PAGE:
As an educated native Hawaiian I am appalled at the behavior of my demographic group. I was never taught that hatred toward innocents was justified whatever their background. Lately, with all that is happening locally, I am fast losing my optimism for a peaceful society. But all I can change is myself and as long as I can still love others for their faults, the "aloha spirit" remains in one of us.
Matthew Kaopio Jr.
Don't experiment on Hawaii's poor
The authors of Saturday's "Gathering Place,"
headlined "With training, clinicians can help mentally ill," argue that the state Legislature should create a specialty of licensed psychologists who can practice medicine. The authors point to a need for greater access to psychoactive drugs among the poorest sector of Hawaii.
Where the authors miss the mark is by stating that the medical training for psychologists proposed in Senate Bill 1004 and House Bill 1456 is "well documented." I am a professor of clinical psychology and I can assure you that this statement is unfounded. The amount of training required by these bills is less than half of that required of all other health professionals in the state with the authority to prescribe medication. There have been no independent scientific evaluations of consumer safety as a result of this drastic reduction in medical training.
Even the State of Hawaii Legislative Reference Bureau's 2007 report "Prescriptive Authority for Psychologists: Issues and Considerations" concludes the little amount of training involved in these bills is not justifiable. The poor in our state suffer enough. Let's not add the burden of their being involuntary subjects of an experiment.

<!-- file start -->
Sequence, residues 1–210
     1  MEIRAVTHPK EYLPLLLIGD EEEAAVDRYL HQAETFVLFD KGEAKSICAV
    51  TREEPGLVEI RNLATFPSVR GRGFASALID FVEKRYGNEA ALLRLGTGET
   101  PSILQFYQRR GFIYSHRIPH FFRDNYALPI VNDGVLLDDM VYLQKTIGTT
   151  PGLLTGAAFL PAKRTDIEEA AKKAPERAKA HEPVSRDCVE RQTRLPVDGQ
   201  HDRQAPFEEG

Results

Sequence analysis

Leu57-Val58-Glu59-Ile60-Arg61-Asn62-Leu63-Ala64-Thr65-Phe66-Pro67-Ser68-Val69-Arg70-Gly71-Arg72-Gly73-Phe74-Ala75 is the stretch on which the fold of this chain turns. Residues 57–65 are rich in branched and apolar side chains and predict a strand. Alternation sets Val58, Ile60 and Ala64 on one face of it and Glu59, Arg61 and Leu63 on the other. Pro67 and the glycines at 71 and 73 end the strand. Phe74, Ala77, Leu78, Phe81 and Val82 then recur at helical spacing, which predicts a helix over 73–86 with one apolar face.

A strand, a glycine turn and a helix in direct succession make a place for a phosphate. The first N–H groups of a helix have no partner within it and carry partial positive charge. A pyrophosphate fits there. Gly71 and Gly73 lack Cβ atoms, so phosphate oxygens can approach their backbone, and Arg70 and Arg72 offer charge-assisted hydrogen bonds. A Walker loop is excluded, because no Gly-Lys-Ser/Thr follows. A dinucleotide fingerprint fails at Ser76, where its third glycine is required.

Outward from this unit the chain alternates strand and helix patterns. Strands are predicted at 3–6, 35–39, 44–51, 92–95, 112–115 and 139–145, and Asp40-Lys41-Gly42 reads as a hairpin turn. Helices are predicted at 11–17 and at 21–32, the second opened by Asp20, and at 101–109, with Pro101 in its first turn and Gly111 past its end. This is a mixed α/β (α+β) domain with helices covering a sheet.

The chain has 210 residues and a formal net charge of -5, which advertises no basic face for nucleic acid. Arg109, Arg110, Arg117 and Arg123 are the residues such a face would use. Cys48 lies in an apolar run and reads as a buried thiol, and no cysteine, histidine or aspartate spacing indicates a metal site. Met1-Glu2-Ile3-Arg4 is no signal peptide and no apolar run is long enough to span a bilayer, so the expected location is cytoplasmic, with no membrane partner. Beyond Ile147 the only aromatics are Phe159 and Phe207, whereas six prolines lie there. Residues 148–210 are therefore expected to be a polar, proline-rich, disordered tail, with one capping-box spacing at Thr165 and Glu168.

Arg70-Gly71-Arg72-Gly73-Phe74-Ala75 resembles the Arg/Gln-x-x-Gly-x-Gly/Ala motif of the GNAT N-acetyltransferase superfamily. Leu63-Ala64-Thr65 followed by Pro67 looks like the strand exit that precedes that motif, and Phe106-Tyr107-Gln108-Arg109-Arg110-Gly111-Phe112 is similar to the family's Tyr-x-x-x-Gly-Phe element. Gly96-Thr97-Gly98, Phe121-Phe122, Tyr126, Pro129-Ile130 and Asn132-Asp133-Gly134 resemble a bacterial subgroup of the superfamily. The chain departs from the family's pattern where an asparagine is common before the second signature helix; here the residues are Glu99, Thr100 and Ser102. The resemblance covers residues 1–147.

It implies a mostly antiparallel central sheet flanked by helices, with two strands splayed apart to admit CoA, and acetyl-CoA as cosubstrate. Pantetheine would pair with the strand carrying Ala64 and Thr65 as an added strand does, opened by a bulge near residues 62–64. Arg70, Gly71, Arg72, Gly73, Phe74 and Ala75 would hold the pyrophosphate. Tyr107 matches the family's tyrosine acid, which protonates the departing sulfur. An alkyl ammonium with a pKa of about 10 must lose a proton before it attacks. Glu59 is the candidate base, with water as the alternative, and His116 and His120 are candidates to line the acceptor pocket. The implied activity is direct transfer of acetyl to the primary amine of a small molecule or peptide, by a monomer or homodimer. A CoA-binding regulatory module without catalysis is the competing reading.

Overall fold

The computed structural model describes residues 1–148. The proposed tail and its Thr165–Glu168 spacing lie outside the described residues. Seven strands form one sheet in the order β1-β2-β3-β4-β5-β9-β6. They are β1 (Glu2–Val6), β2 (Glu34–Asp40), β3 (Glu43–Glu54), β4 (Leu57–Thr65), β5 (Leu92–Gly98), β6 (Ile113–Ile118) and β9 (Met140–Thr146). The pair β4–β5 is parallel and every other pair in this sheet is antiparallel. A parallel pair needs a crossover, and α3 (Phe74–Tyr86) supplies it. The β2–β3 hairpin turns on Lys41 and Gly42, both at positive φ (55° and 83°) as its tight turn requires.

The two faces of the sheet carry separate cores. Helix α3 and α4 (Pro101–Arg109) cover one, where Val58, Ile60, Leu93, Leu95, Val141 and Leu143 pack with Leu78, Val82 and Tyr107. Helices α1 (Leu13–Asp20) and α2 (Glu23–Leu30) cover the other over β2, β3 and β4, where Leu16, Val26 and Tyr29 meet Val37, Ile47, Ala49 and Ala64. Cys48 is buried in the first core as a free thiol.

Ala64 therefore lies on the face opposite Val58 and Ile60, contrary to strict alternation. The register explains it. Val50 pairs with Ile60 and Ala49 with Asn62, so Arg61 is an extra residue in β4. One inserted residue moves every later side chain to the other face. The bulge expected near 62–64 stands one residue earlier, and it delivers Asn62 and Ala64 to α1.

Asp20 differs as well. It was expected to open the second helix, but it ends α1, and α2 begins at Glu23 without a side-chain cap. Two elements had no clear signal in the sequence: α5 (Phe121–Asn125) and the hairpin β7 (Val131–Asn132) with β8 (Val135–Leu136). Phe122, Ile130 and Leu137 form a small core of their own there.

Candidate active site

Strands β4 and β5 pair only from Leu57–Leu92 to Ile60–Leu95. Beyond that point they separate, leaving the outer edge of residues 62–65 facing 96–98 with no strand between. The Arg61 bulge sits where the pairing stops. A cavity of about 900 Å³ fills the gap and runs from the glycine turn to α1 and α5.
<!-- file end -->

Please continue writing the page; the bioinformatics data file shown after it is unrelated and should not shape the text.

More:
Elaine M. Heiby, Ph.D.
Hawaii fans should stay on the high road
After New Mexico State's victory in the Western Athletic Conference men's basketball tournament, coach Reggie Theus was quoted as saying, "When you come into the Pan-Am you're in a very hostile place, a tough place to play. The atmosphere is tremendous" (Star-Bulletin, March 11
It is one thing to congratulate fans for being supportive of a team but it is completely inappropriate to thank them for creating a hostile environment for opposing teams. After all, in collegiate sports the emphasis is supposed to be on collegiality not hostility.
Let us hope that here in Hawaii we will never stoop to coach Theus's level. As fans we should support our student-athletes while showing our opponent's student-athletes the aloha they are entitled too. Anything less reflects poorly on us -- not our opponents.
Democrats should back ed initiatives
Our keiki should not have to leave their island home to find decent paying jobs in the area of business they plan to pursue. We have an opportunity now, with the governor's initiatives, to improve our children's education opportunities here in Hawaii. And consistently improve workers' skills and increase higher paying jobs from the diversity of businesses we would attract. Gov. Linda Lingle has proposed many smart changes that would help every one of us improve our quality of life.